Thursday, August 7, 2008

suicide terrorism emerges in Afghanistan

From Alan Cullison in the WSJ...

More on an important topic-- where does suicide terrorism come from and what is its aim?

Cullison starts with the story of Hamza-- a suicidal 20-year-old who turns his depression into an opportunity to strike at American soldiers. Fortunately, the plan failed and he is now in prison.

Hamza's trajectory from depression to attempted mass murder mirrors a larger shift that is changing the war in Afghanistan and giving it a more vicious twist. It also provides a glimpse inside a suicide bombing network that Western diplomats and the Afghan military say Pakistan has allowed to flourish in its lawless border areas. Pakistan denies the charges....

Suicide attacks were virtually unheard of in Afghanistan during the Soviet occupation. That started to change after the U.S.-led occupation in 2001. Two were reported here in 2003; three in 2004. Then the numbers mushroomed: In 2006 there were 123 suicide attacks reported, a sevenfold increase from the year before, according to the United Nations. Last year 160 attackers blew themselves up, killing or injuring more than 1,700 people. So far this year, about 100 suicide attacks have occurred, making 2008 on track to outstrip last year in terms of fatalities.

According to Pape, with the Soviets, only two of the key determinants for "the strategic logic of suicide terrorism" were in play: (percevied) oppression/occupation by a much more powerful force. With America, the third key came into play: a democracy as the occupying force. As Pape observes, dictators won't be moved nearly as much by this tactic, while democracies are "softer" and more likely to bend (e.g., as Reagan with the Marines in Lebanon).

This dynamic is problematic-- in the short-term (as the paragraph below notes) and for the long-term...

The rise of suicide bombings is one reason security is crumbling in Afghanistan seven years after NATO forces invaded. The attacks have forced Western aid workers and the military to retreat into bunkerlike fortresses. They have also undermined confidence in the central government led by U.S.-backed President Hamid Karzai. Victims have included regional police chiefs, members of Parliament, and a large number of bystanders.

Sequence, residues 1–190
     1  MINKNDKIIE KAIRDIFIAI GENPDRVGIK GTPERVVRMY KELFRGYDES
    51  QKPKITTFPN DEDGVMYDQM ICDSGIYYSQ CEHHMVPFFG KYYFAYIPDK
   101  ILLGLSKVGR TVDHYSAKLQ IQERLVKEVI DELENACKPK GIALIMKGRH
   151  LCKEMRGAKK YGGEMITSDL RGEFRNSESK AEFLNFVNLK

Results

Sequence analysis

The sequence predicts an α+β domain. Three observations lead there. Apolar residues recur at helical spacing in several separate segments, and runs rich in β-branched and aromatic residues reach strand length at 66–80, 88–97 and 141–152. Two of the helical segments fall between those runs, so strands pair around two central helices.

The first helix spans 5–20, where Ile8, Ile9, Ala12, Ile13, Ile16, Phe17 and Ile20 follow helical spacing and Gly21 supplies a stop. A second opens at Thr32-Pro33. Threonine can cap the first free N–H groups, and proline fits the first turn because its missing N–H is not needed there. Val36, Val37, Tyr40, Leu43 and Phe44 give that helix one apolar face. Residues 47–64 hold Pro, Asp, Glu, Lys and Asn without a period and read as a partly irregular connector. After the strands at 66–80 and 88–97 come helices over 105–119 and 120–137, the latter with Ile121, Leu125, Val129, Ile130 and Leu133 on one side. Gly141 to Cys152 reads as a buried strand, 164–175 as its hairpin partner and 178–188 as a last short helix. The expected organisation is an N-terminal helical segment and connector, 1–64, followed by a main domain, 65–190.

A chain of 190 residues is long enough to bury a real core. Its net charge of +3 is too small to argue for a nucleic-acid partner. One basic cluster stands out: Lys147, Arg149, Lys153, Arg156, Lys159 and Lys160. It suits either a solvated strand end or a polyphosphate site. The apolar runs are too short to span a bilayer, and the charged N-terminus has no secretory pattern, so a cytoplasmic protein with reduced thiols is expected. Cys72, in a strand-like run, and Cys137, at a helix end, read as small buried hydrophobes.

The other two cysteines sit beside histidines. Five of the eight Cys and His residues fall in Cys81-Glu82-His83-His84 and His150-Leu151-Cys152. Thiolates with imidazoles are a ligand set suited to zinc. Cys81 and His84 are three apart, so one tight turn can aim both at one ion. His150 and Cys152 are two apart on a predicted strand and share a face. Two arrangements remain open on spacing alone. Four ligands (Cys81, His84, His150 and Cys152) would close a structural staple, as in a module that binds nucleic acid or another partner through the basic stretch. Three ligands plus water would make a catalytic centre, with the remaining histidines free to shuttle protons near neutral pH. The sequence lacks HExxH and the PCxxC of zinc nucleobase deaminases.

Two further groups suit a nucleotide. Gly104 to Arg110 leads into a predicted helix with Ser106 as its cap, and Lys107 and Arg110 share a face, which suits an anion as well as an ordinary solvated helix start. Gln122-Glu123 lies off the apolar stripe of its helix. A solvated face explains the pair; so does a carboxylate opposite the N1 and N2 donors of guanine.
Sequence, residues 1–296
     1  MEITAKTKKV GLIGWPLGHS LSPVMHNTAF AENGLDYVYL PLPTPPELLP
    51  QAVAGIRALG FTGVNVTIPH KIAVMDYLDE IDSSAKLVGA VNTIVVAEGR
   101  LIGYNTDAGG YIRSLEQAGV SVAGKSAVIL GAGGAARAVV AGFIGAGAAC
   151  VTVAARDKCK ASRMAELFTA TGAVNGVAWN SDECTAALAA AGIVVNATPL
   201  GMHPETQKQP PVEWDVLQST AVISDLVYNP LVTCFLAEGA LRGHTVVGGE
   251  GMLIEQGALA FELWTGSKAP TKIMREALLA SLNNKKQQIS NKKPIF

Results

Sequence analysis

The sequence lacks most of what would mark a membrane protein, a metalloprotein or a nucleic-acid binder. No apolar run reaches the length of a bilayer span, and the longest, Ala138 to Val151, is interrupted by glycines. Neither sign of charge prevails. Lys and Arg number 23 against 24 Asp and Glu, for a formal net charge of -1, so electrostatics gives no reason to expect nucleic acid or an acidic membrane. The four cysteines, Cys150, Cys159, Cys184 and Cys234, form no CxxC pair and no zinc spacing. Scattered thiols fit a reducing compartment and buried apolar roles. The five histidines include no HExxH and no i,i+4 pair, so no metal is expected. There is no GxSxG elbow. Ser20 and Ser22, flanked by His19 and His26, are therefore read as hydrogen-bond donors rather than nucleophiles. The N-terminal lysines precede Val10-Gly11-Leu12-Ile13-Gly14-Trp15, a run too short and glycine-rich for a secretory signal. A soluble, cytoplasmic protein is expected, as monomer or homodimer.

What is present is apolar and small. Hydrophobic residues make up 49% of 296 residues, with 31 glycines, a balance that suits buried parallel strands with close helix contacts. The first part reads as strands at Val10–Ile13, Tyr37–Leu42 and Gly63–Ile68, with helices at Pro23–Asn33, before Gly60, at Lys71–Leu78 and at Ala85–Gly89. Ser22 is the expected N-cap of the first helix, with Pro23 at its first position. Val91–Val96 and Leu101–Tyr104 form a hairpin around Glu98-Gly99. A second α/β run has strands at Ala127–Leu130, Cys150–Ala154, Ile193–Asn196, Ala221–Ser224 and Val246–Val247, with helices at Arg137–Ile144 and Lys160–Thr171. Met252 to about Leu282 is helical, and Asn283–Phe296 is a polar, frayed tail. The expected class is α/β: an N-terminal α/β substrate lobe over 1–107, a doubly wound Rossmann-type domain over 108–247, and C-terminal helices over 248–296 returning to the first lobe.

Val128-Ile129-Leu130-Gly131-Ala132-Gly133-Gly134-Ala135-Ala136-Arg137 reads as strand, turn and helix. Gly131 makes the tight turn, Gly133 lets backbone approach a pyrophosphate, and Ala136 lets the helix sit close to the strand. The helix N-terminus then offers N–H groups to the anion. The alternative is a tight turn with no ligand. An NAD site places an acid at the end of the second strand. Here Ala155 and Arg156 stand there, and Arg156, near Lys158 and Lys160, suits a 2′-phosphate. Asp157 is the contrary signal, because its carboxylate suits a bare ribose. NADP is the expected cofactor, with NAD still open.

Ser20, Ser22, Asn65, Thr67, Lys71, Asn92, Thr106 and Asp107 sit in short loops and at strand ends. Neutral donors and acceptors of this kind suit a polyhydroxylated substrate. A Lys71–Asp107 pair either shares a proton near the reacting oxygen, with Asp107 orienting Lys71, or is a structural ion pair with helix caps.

With practice, they've grown more effective. A car bomb at the Indian Embassy July 7 was one of the deadliest yet, killing 58 people with a blast so powerful that it stripped the needles off a pine tree in the embassy compound.

When al Qaeda freely ran its own training camps in Afghanistan in the 1990s, its leaders worked up theological arguments to justify suicide attacks, but they never swayed local Afghans to partake in them. The locals' resistance was hardened partly by a deeply traditional social fabric, where village elders often gave the final word on right and wrong and settled disputes. Many were suspicious of Arab visitors. Suicide attacks were considered cowardly and un-Islamic.

But that social fabric may be unraveling after decades of war in Afghanistan, the mass movement of refugees, and the expanding presence of radical groups such as al Qaeda in the Pakistani border region....


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